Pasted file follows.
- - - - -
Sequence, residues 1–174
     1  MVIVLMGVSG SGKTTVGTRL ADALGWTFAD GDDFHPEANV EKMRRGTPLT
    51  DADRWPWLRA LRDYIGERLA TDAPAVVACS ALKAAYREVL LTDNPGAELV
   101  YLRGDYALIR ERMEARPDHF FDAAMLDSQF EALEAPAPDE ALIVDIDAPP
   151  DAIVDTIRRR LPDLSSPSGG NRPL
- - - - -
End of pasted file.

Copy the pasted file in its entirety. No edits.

Sequence, residues 1–174
     1  MVIVLMGVSG SGKTTVGTRL ADALGWTFAD GDDFHPEANV EKMRRGTPLT
    51  DADRWPWLRA LRDYIGERLA TDAPAVVACS ALKAAYREVL LTDNPGAELV
   101  YLRGDYALIR ERMEARPDHF FDAAMLDSQF EALEAPAPDE ALIVDIDAPP
   151  DAIVDTIRRR LPDLSSPSGG NRPL